Investment firms are also turning to machines to cut costs amid the boom in passive investing. Janus Henderson Group Plc replaced two fund managers with more than a decade of markets experience with a new quantitative team of four in May. New York-based PineBridge Investments, with almost $100 billion of assets, is also focusing on quant skills, leading its existing traders to be nimble.
Chris Perryman, senior vice president of fixed-income trading at PineBridge in London, adapted to survive. Four years ago he moved to a management role and helped hire two university graduates in their 20s to apply a quant approach to trading.
“Ten years ago I could be a good trader, now I couldn’t,” said Perryman. “I don’t have a quant background and that’s 50% of the job now. You need quant skills to handle, organize and rationalize the amount of data that’s available.”
Roosevelt Bowman, who traded bonds at Lehman Brothers back in 2008, learned to code as the firm collapsed. More than a decade later and now senior investment strategist at AllianceBernstein Holdings LP’s private wealth-management division, he uses programming languages such as R and Python regularly in his job in New York.
At UBS, Purves is spearheading an effort to digitize the investment bank’s trading of fixed income and equities and as part of that he went on a course with Silicon Valley’s Singularity University to learn how experienced bankers can evolve and stay relevant. When it comes to new hires, Purves says, the best candidates are those that have the least to “unlearn.” They are team players with computer science skills who are often new to banking, he said.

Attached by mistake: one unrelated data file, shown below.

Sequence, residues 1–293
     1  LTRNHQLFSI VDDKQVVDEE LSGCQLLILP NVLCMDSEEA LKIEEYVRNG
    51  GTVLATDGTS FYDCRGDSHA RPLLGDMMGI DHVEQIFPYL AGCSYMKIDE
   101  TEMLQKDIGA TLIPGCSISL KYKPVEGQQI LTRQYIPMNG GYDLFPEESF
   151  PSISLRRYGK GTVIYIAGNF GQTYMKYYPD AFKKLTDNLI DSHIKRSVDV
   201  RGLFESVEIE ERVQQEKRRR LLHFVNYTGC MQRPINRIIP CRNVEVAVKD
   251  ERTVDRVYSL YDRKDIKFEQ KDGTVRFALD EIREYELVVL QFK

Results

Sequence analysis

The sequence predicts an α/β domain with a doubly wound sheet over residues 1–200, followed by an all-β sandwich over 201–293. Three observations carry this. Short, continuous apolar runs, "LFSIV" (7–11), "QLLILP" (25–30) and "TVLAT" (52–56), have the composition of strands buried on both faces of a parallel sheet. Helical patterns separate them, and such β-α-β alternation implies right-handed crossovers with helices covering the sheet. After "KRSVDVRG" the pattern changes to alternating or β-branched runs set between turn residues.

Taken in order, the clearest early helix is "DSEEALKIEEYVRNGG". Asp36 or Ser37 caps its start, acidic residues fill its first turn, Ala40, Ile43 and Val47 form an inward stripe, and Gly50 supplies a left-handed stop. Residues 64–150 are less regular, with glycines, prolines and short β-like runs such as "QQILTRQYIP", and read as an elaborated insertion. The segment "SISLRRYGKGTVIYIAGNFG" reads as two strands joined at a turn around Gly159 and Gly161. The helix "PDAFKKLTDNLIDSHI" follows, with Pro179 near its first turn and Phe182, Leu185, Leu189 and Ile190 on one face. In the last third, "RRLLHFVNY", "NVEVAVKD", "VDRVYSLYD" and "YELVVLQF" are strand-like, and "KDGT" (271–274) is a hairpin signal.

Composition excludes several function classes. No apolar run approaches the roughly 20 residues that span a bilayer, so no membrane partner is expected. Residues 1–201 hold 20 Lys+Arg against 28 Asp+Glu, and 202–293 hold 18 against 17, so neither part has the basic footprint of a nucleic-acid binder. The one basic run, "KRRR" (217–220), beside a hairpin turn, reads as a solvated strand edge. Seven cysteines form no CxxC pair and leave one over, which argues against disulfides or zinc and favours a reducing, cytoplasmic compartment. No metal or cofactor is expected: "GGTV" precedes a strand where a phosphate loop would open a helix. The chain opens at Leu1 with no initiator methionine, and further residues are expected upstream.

Jack Miller, head of trading for Robert W. Baird & Co. in Milwaukee, agrees. For the first time last year, he included proficiency in coding as a requirement for a junior trader job, but hasn’t found anyone yet with the right mix of technical and people skills.
As investors increasingly track indexes rather than actively managing their investments, it’s another example of how machines are curbing the amount of money that individuals can make. The shift to passive investing means that individuals and institutions have low-cost alternatives to traditional asset managers, who’ve responded by cutting expenses, Miller said.
“There is a trickle-down effect that puts pressure on the overall pool of comp available to the sell side,” Miller said. That’s “driven by the buy side being much more cost sensitive.”